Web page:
For years, the phrase "you are what you eat" has been a wellness-community favorite. While historically speaking, the belief has been pegged around our physical state (and quite annoyingly, the unique shape of our bodies), the correlation between diet and emotional well-being has slowly gained some ground as well. The concept: What we eat could have a direct impact on our mood, with inflammation-promoting foods like sugar, processed fares, and refined oils precipitating conditions like depression and/or anxiety, while whole, nutrient-dense foods might promote clear-headedness, happiness, and health. Of course, it's never quite that simple, and it's inevitable that each of us will respond to certain foods uniquely. In other words, this is why your friend might swear by the keto diet while the same approach makes you lethargic and grumpy.
Here on The/Thirty, we wholeheartedly believe in following your heart and experimenting with what kind of approach to food feels balanced, freeing, and healthy. With the holiday season and, let's be honest, its accompanying stressors encroaching, our ears perked up when we first caught wind of The Anti-Anxiety Diet, created by Ali Miller, RD, LD, CDE. It's a whole brain/gut/body approach, conceptualized to calm the mind while simultaneously diminishing worry and panic. In other words, the diet (which is detailed in Miller's book) embodies the ultimate food-as-medicine philosophy.
For a full picture of the diet, we recommend snapping up a copy of Miller's book, which provides not only a helpful glimpse into her background but also a wealth of supplemental information and recommendations to incorporate the diet into your life. (Plus, she includes a thorough two-week meal plan and tons of yummy recipes!) That said, we're here to give you a glimpse into the diet, potentially inspiring you to see if Miller's anxiety-busting approach to eating might serve as a healthy and meditative guide. Curious to know more? Keep scrolling. We're covering what the diet is, what foods to embrace or avoid, and more.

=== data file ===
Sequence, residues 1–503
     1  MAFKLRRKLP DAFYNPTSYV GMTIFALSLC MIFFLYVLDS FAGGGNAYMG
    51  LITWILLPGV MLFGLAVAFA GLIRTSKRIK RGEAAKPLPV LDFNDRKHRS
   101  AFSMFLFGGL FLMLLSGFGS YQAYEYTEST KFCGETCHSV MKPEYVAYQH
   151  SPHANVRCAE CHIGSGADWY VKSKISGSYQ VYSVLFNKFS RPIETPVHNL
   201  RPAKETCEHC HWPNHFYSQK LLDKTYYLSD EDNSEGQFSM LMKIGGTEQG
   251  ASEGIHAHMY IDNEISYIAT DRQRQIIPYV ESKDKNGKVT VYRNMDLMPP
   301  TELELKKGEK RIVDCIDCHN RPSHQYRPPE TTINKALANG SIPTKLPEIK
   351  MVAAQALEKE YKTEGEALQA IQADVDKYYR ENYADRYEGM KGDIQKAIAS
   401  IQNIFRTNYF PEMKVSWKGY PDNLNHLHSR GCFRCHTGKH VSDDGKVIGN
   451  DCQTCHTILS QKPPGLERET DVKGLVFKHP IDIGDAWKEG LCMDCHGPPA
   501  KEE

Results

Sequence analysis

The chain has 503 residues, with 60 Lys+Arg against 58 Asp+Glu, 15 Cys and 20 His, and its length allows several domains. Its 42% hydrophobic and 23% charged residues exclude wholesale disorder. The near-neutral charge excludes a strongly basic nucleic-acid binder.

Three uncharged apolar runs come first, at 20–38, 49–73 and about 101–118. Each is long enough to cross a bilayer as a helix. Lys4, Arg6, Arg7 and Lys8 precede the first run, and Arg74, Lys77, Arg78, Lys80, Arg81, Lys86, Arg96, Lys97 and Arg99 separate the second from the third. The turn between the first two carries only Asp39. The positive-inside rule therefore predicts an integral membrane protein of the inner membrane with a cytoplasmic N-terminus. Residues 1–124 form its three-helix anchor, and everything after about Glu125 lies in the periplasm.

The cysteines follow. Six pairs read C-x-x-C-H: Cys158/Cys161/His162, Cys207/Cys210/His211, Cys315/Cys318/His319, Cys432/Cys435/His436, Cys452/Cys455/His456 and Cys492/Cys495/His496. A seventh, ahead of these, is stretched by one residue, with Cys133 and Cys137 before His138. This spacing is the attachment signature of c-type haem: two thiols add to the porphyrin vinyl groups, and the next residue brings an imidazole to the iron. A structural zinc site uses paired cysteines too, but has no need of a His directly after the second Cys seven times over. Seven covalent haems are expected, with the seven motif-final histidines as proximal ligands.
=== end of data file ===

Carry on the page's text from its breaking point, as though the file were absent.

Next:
What is it?
In a nutshell, the Anti-Anxiety Diet is designed to jump-start an anti-inflammatory approach to eating by reducing the intake of carbohydrates while increasing healthy sources of protein and fats with the goal of supporting brain health and, in turn, emotional well-being.
"The anti-anxiety diet employs tenets of each of the six Foundational Rs, focusing on removing inflammatory foods, resetting your gut microbiome, repairing your GI lining, restoring your micronutrient status, rebounding your adrenals, and rebalancing your neurotransmitters," Miller explains in her book. Essentially, the program begins with Phase One, a six-week mode of eating that encourages ketosis, thus requiring a very-low-carbohydrate approach to eating—think roughly 30 grams of carbohydrates per day. According to Miller (and some research), the production of ketones may help reduce anxiety while simultaneously supporting a sense of stability. Then, after six weeks of what Miller refers to as "tight ketosis," you'll transition to Phase Two, which focuses on foods with a low glycemic index.
"In Phase Two, carbohydrates increase to a more flexible 90 grams, and you'll choose carbohydrates in the form of fruits and starchy vegetables to provide dietary variety, beneficial fibers, support of serotonin expression, and a reset in leptin response," says Miller. "Phase Two eating is one approach to carb cycling while maintaining ketosis from Phase One the majority of the time. Carb cycling may be done in times of progesterone shifts to offset the physiological hormone demand for a cycling female or once a week or every other week on a Saturday to create a sustainable approach and more social freedom."